Marc Rey is a persistent Motivator with a touch of the poet.
The recently named president and chief executive officer of Shiseido Americas has an offbeat way of using his idle time on airplanes and in out-of-town hotel rooms. While others are fiddling with remote controls, trying to snag a tolerable movie, Rey is busy crafting fiction—in French.
“I don’t watch movies in planes, I write. To be able to even start writing you probably need two hours of nonstop time.” Once he’s on the ground and checked into a hotel, jet lag provides oodles of sleepless writing time in the middle of the night.
“I have an almost religious belief in books,” he admits. “It’s the ultimate form of art…not only a description of the world, but it’s a description of the inner world of people.”
Rey has finished four novels. All of them are unpublished but he’s in contact with a publisher about one of them, which he describes as political fiction. It opens on Election Day on November 2016, when a woman is elected president.
“I like human personality,” he observes. “I like misunderstanding among human beings, I like provocation and I like a total absence of political correctness.”
Then morning comes and it’s time for business.
What is your assessment of the beauty market in North America?
It’s probably the most fascinating place to work, and the most challenging. It may not be the biggest per capita market for all of the categories, but it’s certainly the biggest market. So all of the big guys want to be here.
That creates competition and a lot of visibility because what you do in the U.S. is visible to everybody. So people are very nervous about it. The competition is extremely fierce. It’s tough to make money in this market.
The second characteristic is the channels of distribution. This is the largest and the biggest variety of distribution channels in the world. None of them are small. For example, TV retailing only exists in a few countries—it’s big here. Digital is more developed here than in any other country. Outlet stores exist in a few countries, but not to this extent. Department stores to this level exist in some countries, but in Europe they’re almost nothing. And you have self-service with Ulta and Sephora. It means that you cannot grow your brands with only one channel of distribution.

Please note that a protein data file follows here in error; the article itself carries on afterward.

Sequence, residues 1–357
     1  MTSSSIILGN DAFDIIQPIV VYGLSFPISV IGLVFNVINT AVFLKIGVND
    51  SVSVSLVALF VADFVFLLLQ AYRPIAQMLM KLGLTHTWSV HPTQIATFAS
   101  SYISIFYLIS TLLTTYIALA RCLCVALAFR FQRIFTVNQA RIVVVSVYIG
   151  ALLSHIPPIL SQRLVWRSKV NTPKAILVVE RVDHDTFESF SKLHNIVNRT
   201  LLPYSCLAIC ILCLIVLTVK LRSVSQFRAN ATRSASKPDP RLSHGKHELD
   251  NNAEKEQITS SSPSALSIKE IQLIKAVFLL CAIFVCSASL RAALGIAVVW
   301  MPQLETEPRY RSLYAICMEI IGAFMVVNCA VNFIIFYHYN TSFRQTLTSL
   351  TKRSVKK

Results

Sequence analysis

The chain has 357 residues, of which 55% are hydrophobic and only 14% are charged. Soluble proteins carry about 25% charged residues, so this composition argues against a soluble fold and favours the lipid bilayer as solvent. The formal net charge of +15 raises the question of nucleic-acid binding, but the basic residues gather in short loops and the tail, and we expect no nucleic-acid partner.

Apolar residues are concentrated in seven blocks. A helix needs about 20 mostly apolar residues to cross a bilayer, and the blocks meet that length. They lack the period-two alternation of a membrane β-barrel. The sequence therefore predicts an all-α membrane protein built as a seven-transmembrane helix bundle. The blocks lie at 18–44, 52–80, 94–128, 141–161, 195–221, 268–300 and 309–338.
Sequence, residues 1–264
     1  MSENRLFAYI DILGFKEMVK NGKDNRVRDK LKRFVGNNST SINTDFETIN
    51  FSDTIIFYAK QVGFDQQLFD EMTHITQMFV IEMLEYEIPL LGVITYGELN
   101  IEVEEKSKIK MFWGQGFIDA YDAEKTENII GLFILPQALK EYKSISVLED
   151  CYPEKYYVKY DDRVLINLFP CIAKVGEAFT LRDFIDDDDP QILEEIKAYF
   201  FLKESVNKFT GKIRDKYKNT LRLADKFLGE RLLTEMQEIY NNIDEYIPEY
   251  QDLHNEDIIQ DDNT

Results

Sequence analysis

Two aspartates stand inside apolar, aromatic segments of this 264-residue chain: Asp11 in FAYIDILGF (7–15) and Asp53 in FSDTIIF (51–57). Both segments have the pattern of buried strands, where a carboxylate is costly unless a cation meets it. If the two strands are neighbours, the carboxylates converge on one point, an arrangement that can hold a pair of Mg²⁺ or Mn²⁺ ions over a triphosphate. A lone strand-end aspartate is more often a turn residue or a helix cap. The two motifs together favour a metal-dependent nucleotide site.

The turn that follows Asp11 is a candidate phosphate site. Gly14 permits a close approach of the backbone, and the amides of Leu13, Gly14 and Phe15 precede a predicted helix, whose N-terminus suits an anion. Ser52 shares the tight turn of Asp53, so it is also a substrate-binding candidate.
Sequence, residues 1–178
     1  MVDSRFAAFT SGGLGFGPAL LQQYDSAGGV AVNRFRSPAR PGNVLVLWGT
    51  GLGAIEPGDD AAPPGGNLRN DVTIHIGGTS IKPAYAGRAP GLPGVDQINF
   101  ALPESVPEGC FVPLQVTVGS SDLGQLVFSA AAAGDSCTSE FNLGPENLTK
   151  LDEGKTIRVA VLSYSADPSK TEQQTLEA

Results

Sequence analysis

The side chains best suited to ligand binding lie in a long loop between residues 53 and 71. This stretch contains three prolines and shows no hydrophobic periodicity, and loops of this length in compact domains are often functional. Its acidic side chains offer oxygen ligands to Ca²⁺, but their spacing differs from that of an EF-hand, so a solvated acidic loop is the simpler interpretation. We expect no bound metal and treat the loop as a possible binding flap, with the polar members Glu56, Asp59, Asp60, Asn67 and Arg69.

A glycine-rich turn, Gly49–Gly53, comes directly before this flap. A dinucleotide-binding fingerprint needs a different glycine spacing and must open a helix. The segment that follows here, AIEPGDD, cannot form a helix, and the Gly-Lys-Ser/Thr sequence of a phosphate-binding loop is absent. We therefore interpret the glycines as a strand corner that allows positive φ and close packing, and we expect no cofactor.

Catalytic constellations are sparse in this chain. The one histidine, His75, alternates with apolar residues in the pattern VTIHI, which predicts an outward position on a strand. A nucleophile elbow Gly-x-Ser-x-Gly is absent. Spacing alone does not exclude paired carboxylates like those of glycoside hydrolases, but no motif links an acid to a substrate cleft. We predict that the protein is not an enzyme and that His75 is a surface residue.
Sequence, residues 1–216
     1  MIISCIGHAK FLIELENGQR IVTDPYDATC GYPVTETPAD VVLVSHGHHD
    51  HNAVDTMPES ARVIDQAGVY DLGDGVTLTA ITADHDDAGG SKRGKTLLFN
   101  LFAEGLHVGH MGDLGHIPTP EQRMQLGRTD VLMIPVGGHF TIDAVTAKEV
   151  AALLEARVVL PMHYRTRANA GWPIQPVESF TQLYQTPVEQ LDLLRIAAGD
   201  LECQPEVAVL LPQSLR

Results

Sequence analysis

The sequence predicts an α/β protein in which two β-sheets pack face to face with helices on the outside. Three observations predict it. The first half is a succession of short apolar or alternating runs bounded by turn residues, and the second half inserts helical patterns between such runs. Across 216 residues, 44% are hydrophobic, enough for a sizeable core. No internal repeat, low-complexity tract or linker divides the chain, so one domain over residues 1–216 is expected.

The significant brands that have been generated in the last 20 years have come from the U.S. Obviously you have a few brands from Korea, but the big European brands have been here for 30 years. All the newness, like Urban Decay and Nars, have come from the U.S.
What is amazing here and doesn’t exist in any other market is the scope of price and promotion coverage. When atop designer does one of those crazy expensive fragrances and only wants 40 doors in the world, there’s always 20 in the U.S. At the same time one of the faster segments in makeup is the dollar mascara business at Wal-Mart. If you go to France, you’re probably not going to sell the top price, but you’re not going to sell for $1. You’re going to be more in the middle. The combination of fierce competition and extreme visibility of what you do in the U.S., and the scope of price coverage, makes the market extremely unique.
Finally, the U.S. is not the U.S. The U.S. is the world. You have such a variety of ethnicities, and you can’t only say, “I’m only going to target this group.” When you launch a foundation here you better have all the shades to cover all the types of skin.
Is the payoff correspondingly greater than in other markets?
I think so. If you know how to extract the learning of all that then you can explode with learning in Europe and Asia and many places. That’s one of the things [Shiseido ceo Masahiko] Uotani is putting in place. The other area where the U.S. is interesting is social media and digital. The American woman is extremely connected and is evolving rapidly. I don’t think we as an industry are evolving at the same speed.